The Canon F-1 35mm SLR; A Real Pro Of Its Time

sorcadmin's picture

When the Canon F-1 SLR 35mm camera system was introduced the spring of 1971 it was a full-blown system containing a brand-new, truly professional camera plus every extra accessory that any photographer could need or desire. The entire system was dramatically introduced at the unique Photo Expo '71 held at McCormick Place in Chicago. In the early '70s Canon products were imported and distributed by Bell & Howell Corporation, where I managed the company photo services. My staff and I all used these cameras extensively both in and out of the studio and also took publicity still photos for press releases.

This was back in the era of manually operated, mechanical cameras long before battery-powered electric motor drive and extensively computerized cameras existed. Thus some of the features touted for this new camera system 25 years ago seem antiquated today, but were actually advanced for that era.

Canon F-1 with some of the accessories. When introduced in 1971 the Canon F-1 SLR was a full-blown system camera with over 180 accessories available. These included user interchangeable focusing screens, five penta-prisms, a motor drive for 3 fps continuous shooting, and a 250-exposure film back.

Among the major features was an unusually fast top shutter speed of 1/2000 sec with a focal plane shutter. It also featured increased accuracy of the manually set lower shutter speeds, down to 1 second, which were set on the combined shutter speed/ASA film speed dial on top. A new series of Canon FD bayonet-mount lenses could be metered through the lens, either by full-aperture opening for brighter viewing or stopped-down to check depth of field. Both meter readings and the shutter speed were visible on a long vertical rectangle outside the right edge of the viewfinder field. The CdS meter read the center of the frame and used a match needle system to set the exposure.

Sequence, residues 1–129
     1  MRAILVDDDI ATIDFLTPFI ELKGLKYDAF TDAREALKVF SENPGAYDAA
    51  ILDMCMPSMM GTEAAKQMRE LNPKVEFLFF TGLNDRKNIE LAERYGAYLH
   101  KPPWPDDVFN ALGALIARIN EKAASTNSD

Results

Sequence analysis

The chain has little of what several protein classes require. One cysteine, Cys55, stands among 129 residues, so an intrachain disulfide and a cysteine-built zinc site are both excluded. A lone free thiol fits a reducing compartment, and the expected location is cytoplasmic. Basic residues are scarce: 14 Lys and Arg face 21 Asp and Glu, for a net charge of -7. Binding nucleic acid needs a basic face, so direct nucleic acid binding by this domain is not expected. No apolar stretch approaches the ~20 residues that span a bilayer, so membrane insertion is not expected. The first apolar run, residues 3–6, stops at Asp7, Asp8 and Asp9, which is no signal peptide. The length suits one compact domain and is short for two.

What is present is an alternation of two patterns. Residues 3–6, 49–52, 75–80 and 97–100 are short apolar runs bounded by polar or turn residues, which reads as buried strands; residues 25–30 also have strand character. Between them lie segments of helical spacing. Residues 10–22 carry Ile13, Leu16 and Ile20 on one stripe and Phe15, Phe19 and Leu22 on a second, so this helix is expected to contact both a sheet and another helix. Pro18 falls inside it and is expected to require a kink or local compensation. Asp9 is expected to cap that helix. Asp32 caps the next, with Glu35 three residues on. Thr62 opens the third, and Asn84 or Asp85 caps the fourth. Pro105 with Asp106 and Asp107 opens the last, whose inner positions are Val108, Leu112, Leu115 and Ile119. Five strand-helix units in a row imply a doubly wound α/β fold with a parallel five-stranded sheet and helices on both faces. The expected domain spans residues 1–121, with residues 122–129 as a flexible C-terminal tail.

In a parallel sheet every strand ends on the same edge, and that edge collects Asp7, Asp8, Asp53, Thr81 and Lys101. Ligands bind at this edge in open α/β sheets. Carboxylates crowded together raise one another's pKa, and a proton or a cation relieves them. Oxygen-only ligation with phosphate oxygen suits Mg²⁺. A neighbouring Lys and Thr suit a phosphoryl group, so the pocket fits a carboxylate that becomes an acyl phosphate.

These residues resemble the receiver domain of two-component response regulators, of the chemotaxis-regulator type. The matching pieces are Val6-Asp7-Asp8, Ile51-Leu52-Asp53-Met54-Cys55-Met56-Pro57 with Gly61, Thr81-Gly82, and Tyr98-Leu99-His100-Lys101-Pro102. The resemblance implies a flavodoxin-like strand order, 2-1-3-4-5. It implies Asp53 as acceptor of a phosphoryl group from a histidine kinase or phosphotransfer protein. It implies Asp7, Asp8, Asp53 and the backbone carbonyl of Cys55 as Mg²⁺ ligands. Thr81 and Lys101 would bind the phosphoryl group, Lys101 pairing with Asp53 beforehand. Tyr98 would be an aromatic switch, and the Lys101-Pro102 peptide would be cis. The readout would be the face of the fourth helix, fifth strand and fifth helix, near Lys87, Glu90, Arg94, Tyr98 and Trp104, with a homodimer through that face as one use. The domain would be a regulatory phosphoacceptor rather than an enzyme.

Although exposures were set manually on the basic camera, automatic exposure control could be achieved by adding a bulky Servo EE viewfinder. This would also function when used with an accessory electric motor drive, all without needing any special factory servicing or modifications. With the motor drive exposures up to three per second were possible. The drive included a built-in timer that could be set to intervals up to 60 seconds. When outfitted with the accessory 250-exposure long rollfilm back, unmanned fully automatic photography could be obtained.

Interchangeable Screens And Finders
There were four user interchangeable focusing screens located just below the removable viewfinder penta-prism, and five interchangeable viewfinders. Naturally there was the standard conventional eye-level prism. A really helpful Speed Finder contained two prisms with the back one capable of rotating so the extra-large eyepiece could either point straight up or straight back. This could be used easily with glasses or goggles and made ground-level or over-the-crowd shooting simpler. A Booster T prism amplified the meter sensitivity for shooting under low-light level situations. The Servo EE viewfinder made automatic metering possible. A conventional folding waist-level finder rounded out the optional viewfinders.

There was a PC flash terminal on the left side of the body, but no built-in hot shoe. Two versions of a small accessory hot shoe, called the Flash Coupler D and Flash Coupler L, easily slid over the rewind knob and made contact with two electrical contacts so hot shoe flashes could be used. The rewind knob had a safety lock button, which must be pressed down before the camera back could be opened. All components were extra rugged for long service under demanding professional uses.

Canon F-1 with eight interchangeable lenses. There were more than 40 Canon FD mount interchangeable lenses introduced along with the new Canon F-1 SLR. Those shown here range from a 7.5mm fisheye up to a 200mm f/4.

A Degree Of Flash Automation
Since electric eye sensors for flash automation were still years away, an unusual accessory provided a degree of flash automation with specific lenses when used with the Canon Speedlite 133D hot shoe flash. Called the CAT (Canon Auto Tuning) system, it consisted of the small shoe mount flash unit plus the Flash Coupler L (with two batteries inside), the Flash Auto Ring A2 that fit onto the filter threads on the front of most of the different speeds of 35mm and 50mm Canon FD lenses. A cord connected the flash and auto ring, then after the lens was focused the aperture was manually turned so the needle in the viewfinder would bisect the metering ring in the viewfinder, indicating proper flash exposure. This sure was simpler than using a flash GN (Guide Number) and having to divide the distance into the GN, then setting this number on the lens aperture whenever the intended subject was at a different distance! Since single-use flash bulbs were still commonly used, there were optional flash units that accepted Flash Cubes (a 1" square having four tiny flash bulbs in one housing) that rotated to a unused bulb after each one fired and a folding reflector V-3 flash that accepted the small M-3 peanut flash bulbs.

Article Contents
Share | |